James Ham's Forum

This is a blog site maintained by James Ham to post and receive comments on all subjects related to stringed instrument making and repair - with a special emphasis on the new making of string basses.

Tuesday, May 27, 2008

The words "plywood" or "laminated" have come to be thought of as synonyms for "cheap" or "poor quality" but many valuable antique instruments have in effect become laminated structures as a result of repairs and this does not seem to have made those instruments cheap! Here a couple of examples. My bass ribs are made of two layers of Maple with a layer of silk in between using a vacuum lamination system that I developed, this makes them much less likely to crack in the future and I think high quality lamination now is better than poor quality lamination later!


Anonymous Bob Ng said...

Well, Jim, I think this is yet another example of the bias of old things being viewed as good, and new things as "less good." Lots of patches, cleats and layers somehow add to the "charm and authenticity" to an old instrument. But if you do the same thing to a new instrument to protect it from cracks, it somehow "cheapens" it. Go figure!

May 27, 2008 at 7:14 PM  
Blogger Gerard Samija said...

I am curious about potential for delamination. What adhesive are you using for the silk/maple laminate? If hide glue... I have seen many older hide glue laminated instruments - whether production basses such as Kay and King from pre-WWII, or large chest patches done decades or longer ago - where the lamination has broken down due to improper storage in high-humidity areas. Basement floors of bare concrete are an obvious destroyer of edge laminations, whether manufactured plywood or a re-edged belly done in a major restoration. Since ribs are also in part exposed to such dangers, what can owners of these basses expect in the coming decades, or perhaps centuries? Re-gluing de-lamination can be quite a challenge.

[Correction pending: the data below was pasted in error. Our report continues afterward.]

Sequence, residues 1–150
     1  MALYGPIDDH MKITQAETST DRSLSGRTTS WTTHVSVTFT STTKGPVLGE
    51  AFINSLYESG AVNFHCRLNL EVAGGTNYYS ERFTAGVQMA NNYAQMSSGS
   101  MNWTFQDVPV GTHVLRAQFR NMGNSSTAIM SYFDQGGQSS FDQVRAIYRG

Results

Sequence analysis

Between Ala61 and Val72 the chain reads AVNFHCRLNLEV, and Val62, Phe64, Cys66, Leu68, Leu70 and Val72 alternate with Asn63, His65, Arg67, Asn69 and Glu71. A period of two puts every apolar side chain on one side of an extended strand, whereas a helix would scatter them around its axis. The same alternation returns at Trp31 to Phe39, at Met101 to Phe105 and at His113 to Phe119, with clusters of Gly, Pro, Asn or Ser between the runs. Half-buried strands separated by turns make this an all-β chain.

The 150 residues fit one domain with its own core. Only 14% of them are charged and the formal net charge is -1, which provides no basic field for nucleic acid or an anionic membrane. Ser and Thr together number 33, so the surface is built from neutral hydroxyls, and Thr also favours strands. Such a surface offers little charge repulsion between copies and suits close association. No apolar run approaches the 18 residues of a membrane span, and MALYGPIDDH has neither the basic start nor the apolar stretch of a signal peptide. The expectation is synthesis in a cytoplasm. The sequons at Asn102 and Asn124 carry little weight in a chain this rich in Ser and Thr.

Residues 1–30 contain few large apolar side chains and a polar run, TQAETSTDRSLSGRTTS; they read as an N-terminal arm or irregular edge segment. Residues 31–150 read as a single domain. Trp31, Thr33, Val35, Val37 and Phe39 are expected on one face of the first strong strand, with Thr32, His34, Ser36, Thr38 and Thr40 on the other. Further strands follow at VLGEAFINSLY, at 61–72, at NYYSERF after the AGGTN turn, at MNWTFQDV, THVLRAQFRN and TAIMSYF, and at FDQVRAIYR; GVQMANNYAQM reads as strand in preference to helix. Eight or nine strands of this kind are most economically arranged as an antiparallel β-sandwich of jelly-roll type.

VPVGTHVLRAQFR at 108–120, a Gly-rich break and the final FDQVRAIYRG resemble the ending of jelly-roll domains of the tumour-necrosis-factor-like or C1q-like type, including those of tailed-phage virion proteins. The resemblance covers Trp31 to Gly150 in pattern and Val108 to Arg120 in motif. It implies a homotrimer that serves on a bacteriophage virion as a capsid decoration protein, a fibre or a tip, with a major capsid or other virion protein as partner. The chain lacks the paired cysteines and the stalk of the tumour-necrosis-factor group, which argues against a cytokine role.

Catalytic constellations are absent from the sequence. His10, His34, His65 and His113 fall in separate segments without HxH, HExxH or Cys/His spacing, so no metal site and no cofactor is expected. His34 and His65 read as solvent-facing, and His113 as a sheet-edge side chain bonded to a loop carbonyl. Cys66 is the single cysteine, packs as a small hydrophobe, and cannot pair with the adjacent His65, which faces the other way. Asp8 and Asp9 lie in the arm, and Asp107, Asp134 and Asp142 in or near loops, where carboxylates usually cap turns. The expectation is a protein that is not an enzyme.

Please understand, I am not attacking this approach at all! In fact it is an impressive solution to the age-old problems associated with thin, un-reinforced ribs. My solution so far, with restoration of basses and in my own first bass and first cello, has been to use strong, un-bleached linen attached with strong hide glue and polished smoothly to reflect sound well. Have you any comments on this approach? So far, in the 15 years I have used this technique (shared by Stradivari and some of his contemporaries for larger instruments) I have found vastly improved rib stability. So much so, in fact, that I have been branching out; applying lightweight linen patching to backs and bellies rather than the more often seen cleating of cracks. Thoughts on this?

June 11, 2008 at 2:56 PM  

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